By C.J. Hirschfield
The decision to locate Children’s Fairyland in downtown Oakland was made long before my time here – in 1948, to be exact. Ever since we opened in 1950, being in the heart of the city has had its up and downsides. It certainly is never dull.
Last Friday was one of those not-dull days.
Early in the morning I was awakened by the sound of helicopters over my Adams Point neighborhood – the same neighborhood in which Fairyland lives. There was a fire a few blocks away from the park, at the site of a building that was to include market-rate apartments and retail shops.
|The Valdez fire as seen from across Lake Merritt early on the morning of July 7.|
As I write this, the cause of the fire has not been determined, but it looks suspicious. In the past 12 months, there have been three similar fires in the East Bay, including two at the same location on the Oakland-Emeryville border. Both of the Emeryville fires were set by an arsonist; there was widespread speculation, according to an East Bay Times report, that the culprit was “angry about the rapid and dramatic gentrification of sections of the East Bay, where long-time residents are being forced from their neighborhoods by rising rents.” Last week’s fire looks to me like the work of an anti-gentrifier as well.
|Flames from the Valdez fire appear to shoot from the roof of the Cathedral of Christ the Light on Harrison near Grand. Photo: Dr. Eluem Blyden of Phytopod Vertical Home Gardens in Oakland.|
I was at Fairyland at 7 a.m. to assess the situation. Ash—big chunks, in addition to fine powder—was everywhere. When it was determined sometime later that the fire was under control, our team went to work with a power blower and towels to prepare the park for opening.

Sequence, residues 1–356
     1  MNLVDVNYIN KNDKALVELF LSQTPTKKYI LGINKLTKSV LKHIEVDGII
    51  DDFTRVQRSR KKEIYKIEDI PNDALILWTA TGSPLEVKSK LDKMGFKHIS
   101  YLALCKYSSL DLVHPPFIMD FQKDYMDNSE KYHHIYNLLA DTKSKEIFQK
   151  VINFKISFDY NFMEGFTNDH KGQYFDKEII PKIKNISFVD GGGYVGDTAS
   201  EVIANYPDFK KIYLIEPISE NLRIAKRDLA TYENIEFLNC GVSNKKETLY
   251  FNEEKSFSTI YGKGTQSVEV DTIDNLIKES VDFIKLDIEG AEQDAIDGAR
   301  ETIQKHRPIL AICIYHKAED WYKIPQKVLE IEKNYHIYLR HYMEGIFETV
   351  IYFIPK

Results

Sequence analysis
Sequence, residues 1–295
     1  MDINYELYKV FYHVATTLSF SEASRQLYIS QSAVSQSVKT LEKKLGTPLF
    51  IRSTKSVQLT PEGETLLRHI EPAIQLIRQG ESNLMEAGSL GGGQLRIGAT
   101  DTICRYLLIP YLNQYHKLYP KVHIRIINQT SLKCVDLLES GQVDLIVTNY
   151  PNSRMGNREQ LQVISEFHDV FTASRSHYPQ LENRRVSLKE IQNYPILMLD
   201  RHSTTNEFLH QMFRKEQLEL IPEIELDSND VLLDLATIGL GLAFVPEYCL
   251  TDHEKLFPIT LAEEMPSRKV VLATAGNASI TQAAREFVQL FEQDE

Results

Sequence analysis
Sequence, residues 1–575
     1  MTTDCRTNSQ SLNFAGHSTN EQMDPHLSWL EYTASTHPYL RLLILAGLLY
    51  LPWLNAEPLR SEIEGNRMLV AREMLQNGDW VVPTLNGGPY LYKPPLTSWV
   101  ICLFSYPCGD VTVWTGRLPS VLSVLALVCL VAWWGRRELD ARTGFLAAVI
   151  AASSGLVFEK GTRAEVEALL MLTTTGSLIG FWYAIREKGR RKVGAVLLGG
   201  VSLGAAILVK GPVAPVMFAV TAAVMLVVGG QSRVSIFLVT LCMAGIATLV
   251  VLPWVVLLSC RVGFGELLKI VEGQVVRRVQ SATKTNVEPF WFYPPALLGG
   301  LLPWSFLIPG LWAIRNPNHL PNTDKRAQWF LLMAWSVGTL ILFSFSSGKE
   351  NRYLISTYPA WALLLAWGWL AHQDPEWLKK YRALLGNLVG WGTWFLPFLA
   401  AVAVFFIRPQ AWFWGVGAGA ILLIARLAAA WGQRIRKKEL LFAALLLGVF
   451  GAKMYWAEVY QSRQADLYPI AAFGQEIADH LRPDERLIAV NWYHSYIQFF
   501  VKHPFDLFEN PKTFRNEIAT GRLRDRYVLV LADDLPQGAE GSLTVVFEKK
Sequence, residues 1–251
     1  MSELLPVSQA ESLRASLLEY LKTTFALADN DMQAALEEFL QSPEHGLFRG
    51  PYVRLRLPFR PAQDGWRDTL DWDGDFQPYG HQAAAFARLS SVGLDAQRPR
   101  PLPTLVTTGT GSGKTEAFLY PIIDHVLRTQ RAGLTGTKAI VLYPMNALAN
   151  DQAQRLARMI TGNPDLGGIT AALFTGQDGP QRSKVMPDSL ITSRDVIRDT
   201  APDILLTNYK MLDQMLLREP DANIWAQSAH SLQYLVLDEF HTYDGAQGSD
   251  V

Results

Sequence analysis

I remembered an occasion a few years back when a crowd of protesters after dark made its way in our direction, vandalizing the nearby Whole Foods market. I was at the park at 11 p.m., ready to – I don’t know – protect Fairyland with our bubble swords? Thankfully the police showed up at that very moment, and the crowd dispersed.
|Fire-scene tape near 23rd and Valdez streets.|
Downtown Oakland also faces challenges with a homeless population that’s made up of folks with mental issues. We are familiar with all of the regulars.
The day before the most recent fire, I was chatting with
Luann Luan Stauss, who owns the independent Laurel Book Store at 14th Street and Broadway. She made the decision to locate at downtown
Oakland’s epicenter, and although she’s glad she did, it’s a mixed blessing for
her as well.
Other friends of mine also chose to locate in the heart of downtown: Angela Tsay, owner of Oaklandish and its sister companies, all of which sell pride-filled Oakland products; Ke Norman, owner of the Nailphoria Day Spa; Kanitha Matoury, owner of the HowdenRestaurant & Bar (formerly Spice Monkey). It’s tough, especially when demonstrations lead to vandalism and crime in the area. But these women-owned businesses are committed to Oakland and its people.
|Chalkboard at Ala Mar restaurant at 100 Grand Ave., near the fire scene.|
I would suggest that you consider committing to them as well. Buy a book from Luann or a T-shirt from Angela; get a mani-pedi from Ke or your favorite seasoning from Kanitha’s new spice line.
If you’re looking for other ways to support Oakland, I suggest browsing through Oaklandcentral.com. It’s a great website that offers a business directory and information about on entertainment and restaurants.
There’s no place like Oakland. Let’s try to keep our hearts—and our money—right here.
C.J. Hirschfield has served for 15 years as executive director of Children’s Fairyland, where she is charged with the overall operation of the nation’s first storybook theme park.